Wentworth also proved to be extremely efficient at collecting taxes, and this won him few friends, especially among the old nobles who had been making money out of Ireland; few of them sympathised with his attempts to introduce order.

In 1640, Wentworth was recalled to London as his help was needed with the 'Scottish Problem'. He was made Earl of Strafford and became the king's supreme counsel. It was he who persuaded Charles to call the 'Short' Parliament, and he had meant to dominate it. It was to be his enemy, John Pym, however, who was to have that pleasure.

Strafford's Trial
The Short Parliament, under Pym's leadership, would vote no money for a military campaign. When it became clear that Pym was in touch with the Scots, or at least acting in concert with them, Strafford gave up any hope of a constitutional or legal solution, and at a meeting on May 5th, he urged Charles to dissolve parliament, telling him that he was "loosed and absolved from all rules of government." Upon the dissolution, three Members were imprisoned and their houses searched, mob rioting was punished by vigilante justice, and two youths were summarily hanged, one having been tortured first. When the City Aldermen declined Charles' request for a loan, Strafford committed four of them to prison and told the king, "Unless you hang up some of them, you will do no good with them."

Strafford returned to Ireland and was later called back to lead the army against the Scots in the Second Bishops' War. However, the northern earls were not inclined to be led into battle by Strafford, no doubt disliking him more than the Scots whom they were supposed to be fighting. The Bishops' War was lost, and Parliament was called. It was determined to punish those responsible for Charles I's eleven years of personal rule, which meant, in effect, Laud and Strafford.

Strafford on his way to execution, being blessed by Laud
The king's ministers were blamed for the defeat by the Scots, and Strafford was accused of treason because he had offered the Irish army to Charles for use against the Scots. Although he argued his defence and eliminated most of the charges against him, it was John Pym who won this particular battle. Strafford had made himself so unpopular - with the people because of his efficiency, with the nobles because of his efforts to wipe out corruption - that Pym's efforts to impeach him were supported by most people. By this time, Strafford was a hated man.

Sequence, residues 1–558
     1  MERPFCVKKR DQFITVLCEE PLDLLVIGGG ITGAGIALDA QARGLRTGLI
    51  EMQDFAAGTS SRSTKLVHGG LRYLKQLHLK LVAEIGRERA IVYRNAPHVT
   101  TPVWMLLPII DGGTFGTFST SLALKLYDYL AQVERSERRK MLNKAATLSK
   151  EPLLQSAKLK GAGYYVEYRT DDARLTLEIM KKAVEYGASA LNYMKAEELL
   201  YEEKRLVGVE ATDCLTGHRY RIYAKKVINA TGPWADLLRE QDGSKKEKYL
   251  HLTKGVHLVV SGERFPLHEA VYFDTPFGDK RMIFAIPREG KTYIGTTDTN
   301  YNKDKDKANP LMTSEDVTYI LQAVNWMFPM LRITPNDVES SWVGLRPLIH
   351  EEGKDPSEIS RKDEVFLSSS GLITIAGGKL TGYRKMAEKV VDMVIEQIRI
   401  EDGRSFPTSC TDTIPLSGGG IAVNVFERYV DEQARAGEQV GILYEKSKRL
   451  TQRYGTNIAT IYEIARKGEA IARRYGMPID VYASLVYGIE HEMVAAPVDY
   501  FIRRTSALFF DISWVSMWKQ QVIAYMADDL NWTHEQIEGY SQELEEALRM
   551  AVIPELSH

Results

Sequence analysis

The decision to impeach Strafford was one driven by personal hatred. Parliament had never forgiven Strafford for changing sides and had certainly never trusted him again. He dismissed almost all the charges against him, and still they pushed for his execution, this turncoat who had become a king's man, a traitor to their cause against the monarchy.

Previous article on Laud & Strafford

Further Reading:

Archbishop Laud - Hugh Trevor-Roper
Archbishop Laud - Arthur Stuart Duncan-Jones
Strafford - C.V. Wedgwood
Strafford in Ireland 1633-1641: A Study in Absolutism - Hugh F. Kearney
The King's War, 1641-47 - C.V. Wedgwood
The Stuarts - JP Kenyon

[all above illustrations are in the public domain, and sourced from Wiki Commons]

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Annie Whitehead is an historian and novelist who writes about the Anglo-Saxon era, although she has a keen interest in the seventeenth-century. The author of two award-winning novels set in Anglo-Saxon Mercia, she was also a contributor to 1066 Turned Upside Down, a re-imagining of the events leading up to the Battle of Hastings. She is a member of the Royal Historical Society and an editor of the EHFA blog. Currently she is working on a contribution to a non-fiction book to be published by Pen & Sword Books in the summer of 2017.
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2 comments:

  1. Excellent post. Thank you. I have been studying Strafford myself. I believe he meant well but was blind to a lot of things and made enemies at every turn. Kind of a train wreck!

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    1. Thanks Ellys,
      Yes, I think he was ultimately well-intentioned but was just too intractable in his thinking (perhaps a little like his master.) Glad you enjoyed the article :-)